Comparison: Sigma’s Lenses for Studio Portraits (Here’s What We Found)

We already know that Sigma’s lenses are fantastic, but which one is best for portraiture?

Portrait photographers these days enjoy using a multitude of focal lengths, and Sigma’s lenses offer a whole lot for the portraiture photographer. The company has spent years revamping their lineup with their Art series lenses and these lenses often top the charts on many proper lab tests. But we know that photographers don’t use lenses to shoot charts or brick walls and so we took them into a studio with models and lights to figure out which ones we liked the most. Our opinions may surely vary from yours and any professional working photographer will always lean towards a telephoto focal length. While this test has a lot of implications for professional photographers, it will also apply to lots of us who shoot and don’t demand the most professional needs.

Lenses Used

*Note: These prices are current to our time of writing this article

How We Did the Test

Reviews Editor Paul Ip and I went into a Brooklyn studio with two models and set up two different backdrops and sets of lights. I use a Profoto B10 with an Interfit 6 foot umbrella while Paul used an Octabank and two lights. All images were shot on the Sony a7r III. Paul and I used the lenses according to how a portrait photographer would work with them to get optimal results. By that, we mean that we went about using the lenses not all in the same way but more accordingly to how they’re designed to be used. A photographer would never use an 85mm lens in the same way that they use a 35mm lens. Further, a 135mm renders a scene different from a 50mm.

We also purposely shot on different backgrounds from Gravity Backdrops and with different lighting scenarios to show you all how the lenses are used in different setups. The models changed wardrobes and we ensured that those wardrobes contrast with the background to give the lenses the most advantage possible. Afterall, that’s just what you would do with models anyway. Paul and I both have different creative visions and directing methods to a certain point. Paul also tends to shoot a whole lot more than I do, and we worked on our images to provide readers with the most variety of shots here.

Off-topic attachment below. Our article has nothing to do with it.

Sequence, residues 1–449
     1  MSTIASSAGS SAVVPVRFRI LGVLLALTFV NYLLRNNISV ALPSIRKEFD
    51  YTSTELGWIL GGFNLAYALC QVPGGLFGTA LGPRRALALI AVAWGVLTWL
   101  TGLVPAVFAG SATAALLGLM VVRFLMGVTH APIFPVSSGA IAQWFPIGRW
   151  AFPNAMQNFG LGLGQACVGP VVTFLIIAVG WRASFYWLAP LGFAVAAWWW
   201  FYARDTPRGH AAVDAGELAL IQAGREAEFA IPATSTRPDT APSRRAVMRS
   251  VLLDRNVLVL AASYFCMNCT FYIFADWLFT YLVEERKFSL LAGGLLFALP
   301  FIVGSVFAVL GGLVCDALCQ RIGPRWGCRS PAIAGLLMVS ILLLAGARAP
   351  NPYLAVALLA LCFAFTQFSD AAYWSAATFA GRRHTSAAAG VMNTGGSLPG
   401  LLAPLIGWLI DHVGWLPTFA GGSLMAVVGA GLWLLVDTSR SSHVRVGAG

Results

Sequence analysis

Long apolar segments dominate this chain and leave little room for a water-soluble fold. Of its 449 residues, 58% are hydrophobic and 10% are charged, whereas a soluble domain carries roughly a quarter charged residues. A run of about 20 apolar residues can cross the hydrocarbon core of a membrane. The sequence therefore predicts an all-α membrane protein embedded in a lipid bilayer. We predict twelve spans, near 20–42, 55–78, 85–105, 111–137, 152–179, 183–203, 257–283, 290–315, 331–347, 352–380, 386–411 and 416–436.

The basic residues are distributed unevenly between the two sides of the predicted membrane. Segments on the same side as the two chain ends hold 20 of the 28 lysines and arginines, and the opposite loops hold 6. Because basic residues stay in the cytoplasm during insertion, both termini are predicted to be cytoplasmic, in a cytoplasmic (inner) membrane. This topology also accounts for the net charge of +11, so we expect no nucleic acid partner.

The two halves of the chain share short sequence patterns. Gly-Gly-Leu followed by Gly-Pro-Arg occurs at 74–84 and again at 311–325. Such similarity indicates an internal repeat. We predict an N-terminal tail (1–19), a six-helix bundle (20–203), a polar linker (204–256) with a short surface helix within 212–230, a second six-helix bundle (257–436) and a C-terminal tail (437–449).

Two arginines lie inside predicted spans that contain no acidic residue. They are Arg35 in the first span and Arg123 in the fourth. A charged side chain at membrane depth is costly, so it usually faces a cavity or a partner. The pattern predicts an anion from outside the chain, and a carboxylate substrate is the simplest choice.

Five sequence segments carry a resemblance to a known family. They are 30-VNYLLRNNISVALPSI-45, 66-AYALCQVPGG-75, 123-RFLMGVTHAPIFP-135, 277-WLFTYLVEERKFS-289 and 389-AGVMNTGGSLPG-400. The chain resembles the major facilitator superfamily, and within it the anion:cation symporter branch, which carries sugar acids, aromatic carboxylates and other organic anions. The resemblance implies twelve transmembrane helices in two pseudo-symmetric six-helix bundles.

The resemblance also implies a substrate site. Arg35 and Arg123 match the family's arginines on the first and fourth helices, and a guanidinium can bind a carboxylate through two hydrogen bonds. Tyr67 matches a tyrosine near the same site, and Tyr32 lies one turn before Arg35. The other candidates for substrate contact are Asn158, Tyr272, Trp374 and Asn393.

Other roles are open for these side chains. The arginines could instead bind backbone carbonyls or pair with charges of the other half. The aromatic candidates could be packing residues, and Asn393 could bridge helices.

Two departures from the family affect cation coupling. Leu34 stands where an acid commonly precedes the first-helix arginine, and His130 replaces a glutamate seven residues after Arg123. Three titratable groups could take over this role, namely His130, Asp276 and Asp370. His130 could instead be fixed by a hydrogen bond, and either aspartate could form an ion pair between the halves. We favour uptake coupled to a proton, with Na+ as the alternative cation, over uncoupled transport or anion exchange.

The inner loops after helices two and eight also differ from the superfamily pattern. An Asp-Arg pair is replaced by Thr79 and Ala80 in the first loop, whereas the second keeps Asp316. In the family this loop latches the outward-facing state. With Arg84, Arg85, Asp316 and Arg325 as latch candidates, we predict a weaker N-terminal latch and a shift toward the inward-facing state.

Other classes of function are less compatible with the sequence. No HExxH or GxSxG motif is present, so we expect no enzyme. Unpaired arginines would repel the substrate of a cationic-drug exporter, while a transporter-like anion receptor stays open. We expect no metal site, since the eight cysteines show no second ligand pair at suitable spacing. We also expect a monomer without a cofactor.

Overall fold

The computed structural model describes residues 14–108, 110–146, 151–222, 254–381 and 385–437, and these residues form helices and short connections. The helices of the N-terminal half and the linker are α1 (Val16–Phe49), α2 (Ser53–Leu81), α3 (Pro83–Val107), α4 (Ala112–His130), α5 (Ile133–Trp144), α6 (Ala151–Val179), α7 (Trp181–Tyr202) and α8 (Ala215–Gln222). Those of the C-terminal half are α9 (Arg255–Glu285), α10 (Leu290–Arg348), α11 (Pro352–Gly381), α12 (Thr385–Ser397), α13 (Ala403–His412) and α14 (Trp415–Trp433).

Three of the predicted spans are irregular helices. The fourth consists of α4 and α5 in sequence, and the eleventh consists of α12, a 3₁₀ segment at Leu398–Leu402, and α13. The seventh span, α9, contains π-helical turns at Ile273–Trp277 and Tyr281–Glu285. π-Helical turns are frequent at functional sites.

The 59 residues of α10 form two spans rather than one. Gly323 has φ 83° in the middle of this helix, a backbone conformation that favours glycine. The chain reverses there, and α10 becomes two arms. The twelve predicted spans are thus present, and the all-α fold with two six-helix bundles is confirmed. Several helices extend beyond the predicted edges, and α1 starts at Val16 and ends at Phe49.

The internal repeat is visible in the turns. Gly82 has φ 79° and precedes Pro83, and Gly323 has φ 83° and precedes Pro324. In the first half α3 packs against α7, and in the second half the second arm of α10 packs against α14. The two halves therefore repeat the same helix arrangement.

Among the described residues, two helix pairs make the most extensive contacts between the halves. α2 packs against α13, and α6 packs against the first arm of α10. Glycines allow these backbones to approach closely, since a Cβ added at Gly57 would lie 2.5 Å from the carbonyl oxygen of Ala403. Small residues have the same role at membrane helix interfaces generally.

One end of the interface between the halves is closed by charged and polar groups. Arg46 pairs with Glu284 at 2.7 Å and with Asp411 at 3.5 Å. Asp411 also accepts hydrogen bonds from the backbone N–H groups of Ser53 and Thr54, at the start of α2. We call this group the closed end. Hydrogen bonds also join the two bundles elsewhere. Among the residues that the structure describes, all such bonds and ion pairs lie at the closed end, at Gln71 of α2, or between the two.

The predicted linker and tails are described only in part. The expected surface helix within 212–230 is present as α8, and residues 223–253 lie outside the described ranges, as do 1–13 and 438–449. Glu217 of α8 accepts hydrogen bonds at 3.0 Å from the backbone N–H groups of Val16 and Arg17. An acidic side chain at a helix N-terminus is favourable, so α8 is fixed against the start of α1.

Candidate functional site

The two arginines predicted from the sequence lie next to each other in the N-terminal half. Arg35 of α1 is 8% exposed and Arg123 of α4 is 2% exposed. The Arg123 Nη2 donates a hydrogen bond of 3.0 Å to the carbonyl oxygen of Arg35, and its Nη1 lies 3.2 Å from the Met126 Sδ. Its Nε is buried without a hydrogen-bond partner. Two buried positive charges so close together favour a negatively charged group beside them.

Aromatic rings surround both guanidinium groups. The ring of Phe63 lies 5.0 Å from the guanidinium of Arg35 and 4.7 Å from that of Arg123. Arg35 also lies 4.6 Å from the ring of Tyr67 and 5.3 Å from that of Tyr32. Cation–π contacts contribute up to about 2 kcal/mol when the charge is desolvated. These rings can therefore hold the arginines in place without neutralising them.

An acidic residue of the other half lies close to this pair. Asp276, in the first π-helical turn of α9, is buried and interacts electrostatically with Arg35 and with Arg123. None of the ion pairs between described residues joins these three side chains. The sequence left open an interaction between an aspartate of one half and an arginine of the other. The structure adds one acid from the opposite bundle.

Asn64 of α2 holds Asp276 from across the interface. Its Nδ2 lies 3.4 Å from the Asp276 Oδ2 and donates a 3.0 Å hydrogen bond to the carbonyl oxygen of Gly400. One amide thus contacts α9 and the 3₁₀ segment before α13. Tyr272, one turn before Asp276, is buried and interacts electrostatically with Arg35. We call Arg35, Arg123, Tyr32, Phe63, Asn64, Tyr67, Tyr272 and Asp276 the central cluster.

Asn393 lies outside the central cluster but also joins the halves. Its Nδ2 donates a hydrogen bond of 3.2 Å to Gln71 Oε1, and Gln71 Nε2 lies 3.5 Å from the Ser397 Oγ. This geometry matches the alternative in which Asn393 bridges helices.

One of the biggest things that we found right off the bat is that these lenses are massive on Sony bodies. They’re essentially just the DSLR lenses with an extension that is almost ergonomically unnecessary. To say that this can be annoying is the truth. Every time I reached for the Sigma 85mm f1.4 Art lens, it felt oodles heavier than the Sony G master which is made natively for the mount. The 50mm and many others also felt excessively heavy. In fact, I almost didn’t want to work with certain focal lengths. That, in and of itself, should tell you something. If a seasoned reviewers who are used to working with big lenses and cameras all the time don’t want to reach for certain focal lengths, then something needs to be done with the designs.

Another really big issue for us during the testing is the fact that Sigma’s Art lenses are very, very slow to focus on the Sony a7r III. Our cameras had the latest firmware updates and the Eye Autofocus worked effectively enough for us to provide you all with variety, but the lenses were very slow to focus. While I adore Sigma’s art lenses, I’m not sure that I’d ever want to use them on my Sony a7r III again due to how slow they are to focus. Hopefully Sigma fixes this in the future.


Sigma 35mm f1.4 Art

The Sigma 35mm f1.4 Art lens isn’t ideal for portraiture. We knew this. Many photographers out there knew it. Can it be done? Yes. Should it be done often? No. And so we needed to demonstrate this. Posing a subject can be more difficult due to the design of the semi-wide angle lens. Ideally one should always pull back from the subject. As an extra tip, try to keep parts of the subject out of the corner to avoid distortion. While 35mm lenses have become better over the years, I still wouldn’t totally recommend them for every day use as a portrait lens for studio work. But where the 35mm lens excels is with environmental portraiture. These are scenes where there is a portrait subject but many of these scenes don’t have a centered emphasis on just the person. It’s necessary to look at the entire scene.